The author spent the entire article making interesting points, and the statement at the end to me implies "Oh by the way, the product/tech is sexist too, and you should see it that way as well." It feels like it was added to ensure that making anyone disagree with her would be put into that camp (i.e. if I as a male were to disagree for any reason, the reason is simply because I am a male, and my opinion is invalid).
> What it “invented”: Lyft, but for people who are cool with traveling on a set path in a shared vehicle for a lower rate.
> What already existed: A bus.
Some of these seems to be about "exploring" problems that don't exist for people outside of the SF bubble. Squeezing oranges is good
NYT articles launch my NYT app and make use of my subscription.
WaPo articles launch their website, which proceeds to try to strong-arm me into a subscription. Every time, and forgetting my login between events.
One of these is owned by a tech giant, and the other gets it right.
Founders said at first they tried selling it (marketing it) as a credit card transaction facilitator. I.e. "hey merchant, would you like to be able to accept credit cards?" No. Not really, stop asking me.
They come back, "hey merchant, would you like to be able to make sales you wouldn't otherwise realize?" Why, yes, where do I sign up?
Point being, it's really important to recontextualize so as not have to overcome the burden and baggage of what you're replacing or enhancing.
Even the obviously laughable stories like Juicero - surely there's issues with bad execution, but as long as there are "juice bars" selling a glass of pulped vegetables for $8 that people are willing to buy, I'm willing to say that there's a niche for a better-executed and perhaps better-targetted juice-related tech product.
it's interesting that some people take the angle on this story that Bodega wants to put immigrant run NYC bodegas out of business. but that's just one angle on the story.
another angle is that, inevitably, some of the employees of SV's Bodega will be among the population of much lauded, indispensable, highly educated immigrant programmers, earning high salaries and contributing their unique talents to "the most dynamic and creative economy in world."
still another angle is that any current corner store employees whose jobs are eliminated by these new high-tech vending machines will be "free to pursue other, more profitable careers" (a favorite argument of certain economics writers).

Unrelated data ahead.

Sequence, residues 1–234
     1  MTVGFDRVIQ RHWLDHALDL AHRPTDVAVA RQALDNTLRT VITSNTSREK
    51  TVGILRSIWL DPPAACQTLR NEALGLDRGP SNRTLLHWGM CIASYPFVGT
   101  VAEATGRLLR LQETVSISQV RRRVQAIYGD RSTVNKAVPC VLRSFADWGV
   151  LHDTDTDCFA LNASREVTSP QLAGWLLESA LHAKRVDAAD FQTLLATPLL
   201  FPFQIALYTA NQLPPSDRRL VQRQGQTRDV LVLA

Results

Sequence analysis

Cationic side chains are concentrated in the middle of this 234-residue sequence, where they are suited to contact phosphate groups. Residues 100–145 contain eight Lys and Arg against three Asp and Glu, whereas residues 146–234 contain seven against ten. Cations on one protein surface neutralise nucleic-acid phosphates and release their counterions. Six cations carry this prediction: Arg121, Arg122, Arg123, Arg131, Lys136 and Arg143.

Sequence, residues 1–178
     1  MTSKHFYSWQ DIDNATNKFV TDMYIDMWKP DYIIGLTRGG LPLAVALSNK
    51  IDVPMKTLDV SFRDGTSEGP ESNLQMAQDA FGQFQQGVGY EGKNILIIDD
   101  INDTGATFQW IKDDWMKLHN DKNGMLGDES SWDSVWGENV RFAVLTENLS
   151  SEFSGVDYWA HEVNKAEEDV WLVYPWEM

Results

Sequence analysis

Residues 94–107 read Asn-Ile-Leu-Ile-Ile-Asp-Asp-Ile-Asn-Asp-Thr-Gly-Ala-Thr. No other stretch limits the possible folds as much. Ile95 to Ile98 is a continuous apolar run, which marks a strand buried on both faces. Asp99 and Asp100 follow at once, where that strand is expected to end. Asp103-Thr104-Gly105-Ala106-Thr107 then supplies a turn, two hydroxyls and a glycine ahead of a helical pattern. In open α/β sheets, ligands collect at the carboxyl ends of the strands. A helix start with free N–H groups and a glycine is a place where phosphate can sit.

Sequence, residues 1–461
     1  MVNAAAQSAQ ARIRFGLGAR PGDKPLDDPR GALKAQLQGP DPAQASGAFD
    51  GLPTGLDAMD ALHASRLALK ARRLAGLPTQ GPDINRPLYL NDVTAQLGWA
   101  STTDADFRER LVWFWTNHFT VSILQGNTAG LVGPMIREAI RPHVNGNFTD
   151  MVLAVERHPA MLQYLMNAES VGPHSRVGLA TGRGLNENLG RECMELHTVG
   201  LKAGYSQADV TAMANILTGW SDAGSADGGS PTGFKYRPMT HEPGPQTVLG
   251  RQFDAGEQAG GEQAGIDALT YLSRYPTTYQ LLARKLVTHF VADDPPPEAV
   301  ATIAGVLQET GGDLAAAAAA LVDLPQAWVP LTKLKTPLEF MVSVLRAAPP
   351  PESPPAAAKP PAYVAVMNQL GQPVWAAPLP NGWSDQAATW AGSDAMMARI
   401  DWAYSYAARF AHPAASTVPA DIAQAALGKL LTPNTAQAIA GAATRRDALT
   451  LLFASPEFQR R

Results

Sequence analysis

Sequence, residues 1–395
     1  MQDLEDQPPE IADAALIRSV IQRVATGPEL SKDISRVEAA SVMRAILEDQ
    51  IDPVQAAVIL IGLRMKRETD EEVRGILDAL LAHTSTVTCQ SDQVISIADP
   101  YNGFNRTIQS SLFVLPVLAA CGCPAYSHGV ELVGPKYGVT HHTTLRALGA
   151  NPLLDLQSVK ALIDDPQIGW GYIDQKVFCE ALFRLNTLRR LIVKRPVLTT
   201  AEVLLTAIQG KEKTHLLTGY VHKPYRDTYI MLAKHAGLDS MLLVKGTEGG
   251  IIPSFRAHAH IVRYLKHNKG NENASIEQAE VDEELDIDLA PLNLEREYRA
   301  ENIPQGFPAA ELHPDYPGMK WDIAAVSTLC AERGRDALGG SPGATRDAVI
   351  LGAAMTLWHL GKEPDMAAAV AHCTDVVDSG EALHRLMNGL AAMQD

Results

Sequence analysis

yet another angle is that the WP author is an unimaginative Luddite who doesn't want new efficiencies to be introduced into the marketplace and can't see that these vending machines might complement existing corner stores, etc.
journalists are great. they can always spin a story like this in a direction that lets them fling sh*t at an upcoming enemy of the people (in this case, Silicon Valley corporations).
also, one can compare the activities of the original Luddites in England to the activities of the author of that WP article.
the original Luddites "destroyed weaving machinery as a form of protest" because business owners were using that machinery to "to get around standard labour practices."
in a similar way, one might argue that this journalist is damaging Bodega's reputation (a critical element of any startup's "machinery") because it gets around a standard immigrant labor practice (starting and working in NYC corner shops).
> What already existed: A bus
If your argument for "it already exists" sounds like "it's like a mix of this and this but mixed with this and it also does this," then maybe it's actually an entirely new thing?
You could make silly sounding arguments like this for literally any invention.
Lyft Shuttle doesn’t work that way, why should a bus?
Lyft Shuttle sounds like a bus by my reading (having never used it). How is Lyft Shuttle an entirely new thing? IOW, fill in the blank: “Lyft Shuttle is not like a bus at all because___”.
It's probably the way your hotel maid or office park cafeteria worker gets to work.
So, not a bus, no second hand crack smoke, and you don't get jizzed on. Call it an innovation if "invention" doesn't sound right to you but it's really different from public transportation.
I don't understand your comment. Their argument for "it already exists" is "It's a bus." No mixing, no similarities.